The toxin was identified as domoic acid, which received the well-deserved moniker of Amnesiac Shellfish Poison. Domoic acid is a potent excitatory amino acid that activates kainate and AMPA receptors, the binding sites for the ubiquitous excitatory neurotransmitter glutamate. It acts as an excitotoxin by overstimulating these receptors, causing a flood of calcium ions into the cells. Particularly vulnerable are neurons in medial temporal lobe structures such as the amygdala and the hippocampus, which is critical for memory.

Postmortem examination of four brains revealed hippocampal pathology that could account for the clinically significant anterograde amnesia seen in other (still living) patients (Teitelbaum et al., 1990). The pattern of neuronal loss was consistent with the damage observed in kainic acid animal models of epilepsy.

Fig. 3 (modified from Teitelbaum et al., 1990).  Panel A: Section of hippocampus from a patient who died 24 days after mussel-induced intoxication, showing severe loss of neurons in all fields except CA2 (arrow), and tissue collapse is evident in part of field CA1 (double arrow).  Panel B: Control Subject.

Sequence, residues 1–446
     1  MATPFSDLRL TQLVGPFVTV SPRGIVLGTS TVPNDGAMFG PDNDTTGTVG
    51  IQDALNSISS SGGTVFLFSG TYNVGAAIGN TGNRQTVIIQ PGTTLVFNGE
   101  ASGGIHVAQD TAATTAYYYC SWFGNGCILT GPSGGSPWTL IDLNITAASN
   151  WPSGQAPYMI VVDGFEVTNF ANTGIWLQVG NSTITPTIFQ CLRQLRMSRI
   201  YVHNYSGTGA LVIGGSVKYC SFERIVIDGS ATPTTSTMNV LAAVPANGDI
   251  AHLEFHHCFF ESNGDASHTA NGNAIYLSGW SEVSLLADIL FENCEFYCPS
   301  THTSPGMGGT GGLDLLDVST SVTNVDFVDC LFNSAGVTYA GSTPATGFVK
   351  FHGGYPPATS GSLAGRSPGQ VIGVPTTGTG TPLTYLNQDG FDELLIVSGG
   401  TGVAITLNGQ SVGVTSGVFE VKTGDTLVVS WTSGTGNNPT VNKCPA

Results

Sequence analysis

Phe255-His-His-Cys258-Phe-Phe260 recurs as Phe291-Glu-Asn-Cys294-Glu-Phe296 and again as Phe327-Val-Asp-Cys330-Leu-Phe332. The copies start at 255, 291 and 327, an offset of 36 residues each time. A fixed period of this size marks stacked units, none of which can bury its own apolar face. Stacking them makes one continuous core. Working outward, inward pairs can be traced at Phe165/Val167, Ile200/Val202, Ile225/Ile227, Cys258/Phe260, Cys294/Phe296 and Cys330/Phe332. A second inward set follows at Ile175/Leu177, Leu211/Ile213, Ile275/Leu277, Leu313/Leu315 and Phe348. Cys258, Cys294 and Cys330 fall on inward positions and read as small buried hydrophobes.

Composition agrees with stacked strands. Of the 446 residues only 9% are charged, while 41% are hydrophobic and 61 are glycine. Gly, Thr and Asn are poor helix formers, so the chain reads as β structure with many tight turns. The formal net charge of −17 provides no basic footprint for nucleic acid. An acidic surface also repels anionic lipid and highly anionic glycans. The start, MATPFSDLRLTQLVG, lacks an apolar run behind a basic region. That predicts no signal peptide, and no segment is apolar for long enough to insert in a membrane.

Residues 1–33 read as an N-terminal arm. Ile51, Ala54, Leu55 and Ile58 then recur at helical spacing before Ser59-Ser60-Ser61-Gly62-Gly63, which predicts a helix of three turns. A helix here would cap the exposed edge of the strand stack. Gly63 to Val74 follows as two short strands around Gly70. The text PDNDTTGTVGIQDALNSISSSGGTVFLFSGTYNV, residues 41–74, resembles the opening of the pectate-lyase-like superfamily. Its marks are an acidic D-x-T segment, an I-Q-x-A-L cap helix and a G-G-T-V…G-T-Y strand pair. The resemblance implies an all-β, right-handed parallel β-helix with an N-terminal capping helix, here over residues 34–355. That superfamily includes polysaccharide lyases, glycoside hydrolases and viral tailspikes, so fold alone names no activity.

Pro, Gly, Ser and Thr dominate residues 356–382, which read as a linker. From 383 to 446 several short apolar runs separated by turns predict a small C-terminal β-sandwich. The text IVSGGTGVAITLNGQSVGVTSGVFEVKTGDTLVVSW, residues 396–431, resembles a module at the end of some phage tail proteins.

What was the source of the Amnesiac Shellfish Poison that had accumulated in the mussels?  A "red tide" of phytoplankton created a harmful algal bloom that produced domoic acid, which accumulates not only in shellfish but also in fish such as anchovies and sardines.
This is where the California sea lions make their noisy entrance...

click here to play mp3

Bonus! Live Sea Lion Web Cam at Pier 39 in San Francisco.

Domoic Acid Toxicity in California Sea Lions

The Marine Mammal Center in Sausalito, California rescues and rehabilitates sick, stranded, and malnourished marine mammals, including seals, sea lions, and cetaceans. An up-to-date list of their current patients is available here. They are the premiere institution for the diagnosis, treatment, and scientific study of domoic acid toxicity in California sea lions: